The very fact that Kairos Palestine demands "an independent Palestinian state with Al-Quds as its capital", telegraphs that this is a document driven by a Muslim agenda, not a Christian one. Al Quds is the Islamic name for Jerusalem, not the Christian one. The Biblical Latin name for Jerusalem was Hierosolyma, the Biblical Greek name for it was Hierousalēm. The Pre-Islamic Arabic name for it was Ūršalaym. When a supposed Christian document replaces the traditional name for Jerusalem, with the Islamic Al Quds, it demonstrates that its worldview is Islamic, not Christian.
persecution of Christians by Hamas.
And the collaboration continues. In Lebanon, Michel Aoun, who returned from exile to side with Hezbollah terrorists, claimed that Islamic extremism had nothing to do with the dwindling presence of Christians in the Middle East. Instead he blamed everything from economics to WW1 to Israel. Aoun demanded that the Catholic Church, "halt attempts to demonize Islam, the religion of more than one billion... And to call for examining the essence and religious text of Islam only, away from the acts of terrorist groups which Muslims consider themselves victims of just like the rest of the world."
This last is particularly laughable, as Aoun betrayed Lebanese Christians by signing a deal with Hezbollah, a Shiite terrorist organization backed by Iran. Hezbollah's goal is to create an Islamic state. In Hezbollah's 1985 message to Christians, it stated, "We call upon you to embrace Islam so that you can be happy in this world and the next. If you refuse to adhere to Islam, maintain your ties with the Muslims and don't take part in any activity against them." Which is a roundabout way of saying, "Submit or we'll destroy you."
Nor is Aoun misled about what he's doing. In a 2002 interview, he described Hezbollah as a terrorist group under Syrian control and said that Christians had been turned into second-class citizens. A few years later, he cut a deal with that same organization, and now promotes the Islamist agenda. If Aoun helps Hezbollah take over, the Christian presence in Lebanon will be destroyed.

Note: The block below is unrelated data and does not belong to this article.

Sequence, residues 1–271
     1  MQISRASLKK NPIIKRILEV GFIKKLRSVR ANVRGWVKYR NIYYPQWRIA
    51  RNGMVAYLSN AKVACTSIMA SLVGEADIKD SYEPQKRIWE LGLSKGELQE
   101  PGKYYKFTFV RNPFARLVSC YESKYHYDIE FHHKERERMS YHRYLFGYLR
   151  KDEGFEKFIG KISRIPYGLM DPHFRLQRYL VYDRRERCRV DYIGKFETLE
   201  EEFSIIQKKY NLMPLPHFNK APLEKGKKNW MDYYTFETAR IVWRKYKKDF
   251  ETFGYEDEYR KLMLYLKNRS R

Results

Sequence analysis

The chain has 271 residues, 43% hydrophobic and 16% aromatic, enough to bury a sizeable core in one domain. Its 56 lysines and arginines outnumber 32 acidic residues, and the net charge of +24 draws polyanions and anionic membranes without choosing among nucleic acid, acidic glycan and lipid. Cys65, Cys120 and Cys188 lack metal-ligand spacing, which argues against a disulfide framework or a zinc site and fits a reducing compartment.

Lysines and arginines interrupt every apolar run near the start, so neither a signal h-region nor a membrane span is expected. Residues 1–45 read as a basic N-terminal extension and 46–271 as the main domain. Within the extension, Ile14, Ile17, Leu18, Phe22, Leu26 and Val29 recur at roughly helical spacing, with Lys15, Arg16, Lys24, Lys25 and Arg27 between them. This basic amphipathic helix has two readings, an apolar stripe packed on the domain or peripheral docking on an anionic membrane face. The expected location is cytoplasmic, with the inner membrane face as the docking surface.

In the fact of those like Sabbah or Aoun, there are Middle Eastern Christian clergy who continue to fight for civil rights. But they have to walk a fine line, because what they can say is governed by the laws of the Muslim world. Speaking out can have legal consequences for them and deadly consequences for their followers. The statements they do make are careful and couched in ambiguous terminology. A necessity in a region where Muslim outrage quickly translates into church burnings and murders. And this gives Islamist apologists like Aoun and Sabbah a free hand to tell the one-sided Islamist tale.
The Synod so far includes the usual calls for dialogue with Muslims and Jews, the usual comments about the importance of the Peace Process, which would only accelerate the decline of Christians in the Middle East, and limited mentions of the dangers of Islamism. But if the Catholic Church hopes to preserve Christianity in the Middle East, it will have to take a far more active role than that. For the moment its policies are aimed at trying to preserve Christians as a minority in a Muslim Middle East. That is understandable, for the reasons laid out above, but also unsustainable.
The Catholic Church has demonstrated before that it has the power to impact politics in the West. In the United States alone, it has had its impact in the debate on amnesty for illegal aliens and nationalized health care. It may be time for it to begin telling the real story of Christians in the Middle East, and countering the Islamist narrative that Sharia promotes tolerance. And to take a strong position against Muslim migration to Europe, until the Muslim demonstrates a willingness to grant full legal equality to Christians under their rule.
Standing up for oppressed Christians around the world, would be a meaningful and moral act, that could actually make a difference and prevent the fall of Europe. It would not be without its risks. Such a move would alienate American and European liberals and increase attacks on Christians in the short term. However it is the only step that has any chance of checking both the Islamization of Europe and the DeChristianization of the Middle East.